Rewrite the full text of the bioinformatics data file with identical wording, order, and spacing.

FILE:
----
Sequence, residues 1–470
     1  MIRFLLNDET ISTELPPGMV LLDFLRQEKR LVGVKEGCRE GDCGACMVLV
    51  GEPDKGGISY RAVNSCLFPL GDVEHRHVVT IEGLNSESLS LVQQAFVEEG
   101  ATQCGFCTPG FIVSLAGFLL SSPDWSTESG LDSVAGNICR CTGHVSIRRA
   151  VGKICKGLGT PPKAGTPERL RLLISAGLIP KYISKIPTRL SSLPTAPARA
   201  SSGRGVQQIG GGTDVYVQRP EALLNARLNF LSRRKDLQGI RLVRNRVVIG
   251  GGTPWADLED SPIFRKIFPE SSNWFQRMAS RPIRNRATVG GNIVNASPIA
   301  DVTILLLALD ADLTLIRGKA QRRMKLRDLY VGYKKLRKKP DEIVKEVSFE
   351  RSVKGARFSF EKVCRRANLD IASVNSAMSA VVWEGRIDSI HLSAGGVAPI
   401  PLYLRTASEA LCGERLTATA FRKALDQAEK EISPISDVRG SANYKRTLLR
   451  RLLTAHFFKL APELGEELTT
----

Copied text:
Sequence, residues 1–470
     1  MIRFLLNDET ISTELPPGMV LLDFLRQEKR LVGVKEGCRE GDCGACMVLV
    51  GEPDKGGISY RAVNSCLFPL GDVEHRHVVT IEGLNSESLS LVQQAFVEEG
   101  ATQCGFCTPG FIVSLAGFLL SSPDWSTESG LDSVAGNICR CTGHVSIRRA
   151  VGKICKGLGT PPKAGTPERL RLLISAGLIP KYISKIPTRL SSLPTAPARA
   201  SSGRGVQQIG GGTDVYVQRP EALLNARLNF LSRRKDLQGI RLVRNRVVIG
   251  GGTPWADLED SPIFRKIFPE SSNWFQRMAS RPIRNRATVG GNIVNASPIA
   301  DVTILLLALD ADLTLIRGKA QRRMKLRDLY VGYKKLRKKP DEIVKEVSFE
   351  RSVKGARFSF EKVCRRANLD IASVNSAMSA VVWEGRIDSI HLSAGGVAPI
   401  PLYLRTASEA LCGERLTATA FRKALDQAEK EISPISDVRG SANYKRTLLR
   451  RLLTAHFFKL APELGEELTT